Roads. Who can be against them, right? They allow us to get from A-to-B. And as anyone who has been to a place where there were no roads can attest, their absence is a real impediment to the modern political economy. The construction of roads is thus a central feature of the international development agenda. The World Bank publishes analysis of road investment by developing countries. The World Trade Organization claims ~30% of all overseas development aid ($25-$30 billion) is spent on trade related development—central to which is road construction and maintenance.
Which is why a recent study released on the ecological impact of roads is so depressing. The abstract:
We conducted an analysis of global forest cover to reveal that 70% of remaining forest is within 1 km of the forest’s edge, subject to the degrading effects of fragmentation. A synthesis of fragmentation experiments spanning multiple biomes and scales, five continents, and 35 years demonstrates that habitat fragmentation reduces biodiversity by 13 to 75% and impairs key ecosystem functions by decreasing biomass and altering nutrient cycles. Effects are greatest in the smallest and most isolated fragments, and they magnify with the passage of time. These findings indicate an urgent need for conservation and restoration measures to improve landscape connectivity, which will reduce extinction rates and help maintain ecosystem services.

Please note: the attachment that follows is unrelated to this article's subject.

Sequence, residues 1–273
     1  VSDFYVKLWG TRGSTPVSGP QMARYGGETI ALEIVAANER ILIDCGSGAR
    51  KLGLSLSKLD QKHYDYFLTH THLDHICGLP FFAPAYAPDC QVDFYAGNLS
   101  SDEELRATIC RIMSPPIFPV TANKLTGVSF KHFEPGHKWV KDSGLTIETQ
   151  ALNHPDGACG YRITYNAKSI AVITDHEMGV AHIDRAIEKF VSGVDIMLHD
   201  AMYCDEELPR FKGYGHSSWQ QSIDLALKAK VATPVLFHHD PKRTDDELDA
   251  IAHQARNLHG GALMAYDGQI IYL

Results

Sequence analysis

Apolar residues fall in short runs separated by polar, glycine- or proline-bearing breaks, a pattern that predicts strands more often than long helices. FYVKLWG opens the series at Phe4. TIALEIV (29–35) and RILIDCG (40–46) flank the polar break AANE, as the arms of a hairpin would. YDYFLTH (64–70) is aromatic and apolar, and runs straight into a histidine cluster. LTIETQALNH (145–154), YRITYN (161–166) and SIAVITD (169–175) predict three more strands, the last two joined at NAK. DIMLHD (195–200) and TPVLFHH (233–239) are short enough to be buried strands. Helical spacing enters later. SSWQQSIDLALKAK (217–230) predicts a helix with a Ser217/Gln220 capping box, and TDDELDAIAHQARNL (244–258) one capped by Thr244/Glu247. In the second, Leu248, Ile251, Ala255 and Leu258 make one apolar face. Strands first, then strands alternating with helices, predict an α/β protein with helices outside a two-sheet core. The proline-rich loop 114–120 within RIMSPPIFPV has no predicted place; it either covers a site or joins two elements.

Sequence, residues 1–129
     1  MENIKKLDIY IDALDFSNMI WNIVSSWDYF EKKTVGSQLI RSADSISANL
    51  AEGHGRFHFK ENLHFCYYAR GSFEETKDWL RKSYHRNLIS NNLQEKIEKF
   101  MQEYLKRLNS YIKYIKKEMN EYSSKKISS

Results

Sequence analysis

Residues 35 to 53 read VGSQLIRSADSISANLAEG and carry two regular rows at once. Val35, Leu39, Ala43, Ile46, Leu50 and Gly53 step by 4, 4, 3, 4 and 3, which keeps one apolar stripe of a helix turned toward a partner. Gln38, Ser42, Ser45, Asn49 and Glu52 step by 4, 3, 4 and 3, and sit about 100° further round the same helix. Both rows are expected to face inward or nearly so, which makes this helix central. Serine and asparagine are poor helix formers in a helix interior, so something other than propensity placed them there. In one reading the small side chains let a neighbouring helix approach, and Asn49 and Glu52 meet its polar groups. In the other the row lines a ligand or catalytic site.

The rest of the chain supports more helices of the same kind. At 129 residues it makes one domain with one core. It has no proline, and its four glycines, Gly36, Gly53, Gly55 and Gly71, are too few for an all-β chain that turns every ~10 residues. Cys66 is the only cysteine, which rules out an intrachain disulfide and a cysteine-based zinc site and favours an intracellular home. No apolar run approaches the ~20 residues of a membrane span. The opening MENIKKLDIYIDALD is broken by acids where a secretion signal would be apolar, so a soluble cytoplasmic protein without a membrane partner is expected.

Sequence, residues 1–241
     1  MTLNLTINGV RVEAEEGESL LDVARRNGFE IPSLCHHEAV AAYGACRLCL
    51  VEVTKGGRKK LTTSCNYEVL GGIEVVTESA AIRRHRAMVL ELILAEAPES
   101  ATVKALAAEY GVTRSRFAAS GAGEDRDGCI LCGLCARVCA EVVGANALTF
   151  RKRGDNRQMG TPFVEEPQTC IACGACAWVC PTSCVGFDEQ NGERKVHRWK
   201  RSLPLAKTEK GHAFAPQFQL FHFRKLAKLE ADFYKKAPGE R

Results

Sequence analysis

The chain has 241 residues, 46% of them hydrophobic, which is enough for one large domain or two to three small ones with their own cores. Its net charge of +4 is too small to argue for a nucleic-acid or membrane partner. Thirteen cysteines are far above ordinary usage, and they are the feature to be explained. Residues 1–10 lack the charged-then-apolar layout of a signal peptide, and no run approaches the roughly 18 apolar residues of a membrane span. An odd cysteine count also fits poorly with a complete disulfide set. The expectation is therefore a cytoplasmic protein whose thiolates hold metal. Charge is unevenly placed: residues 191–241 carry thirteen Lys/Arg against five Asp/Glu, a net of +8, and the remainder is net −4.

In a New Yorker piece on the study, Dr. William Laurance at James Cook University in Australia is quoted as saying “Roads scare the hell out of ecologists.” In the context of arguments about a human-driven sixth mass extinction, the news about roads highlights the increasingly relevant tension between development in the model of Western-style industrialization and the capacity of natural systems to cope. None of this, of course, is news to scholars in development or in environmental policy. But for generalist IR scholars it is yet more evidence that the environment needs to be a factor in our analysis.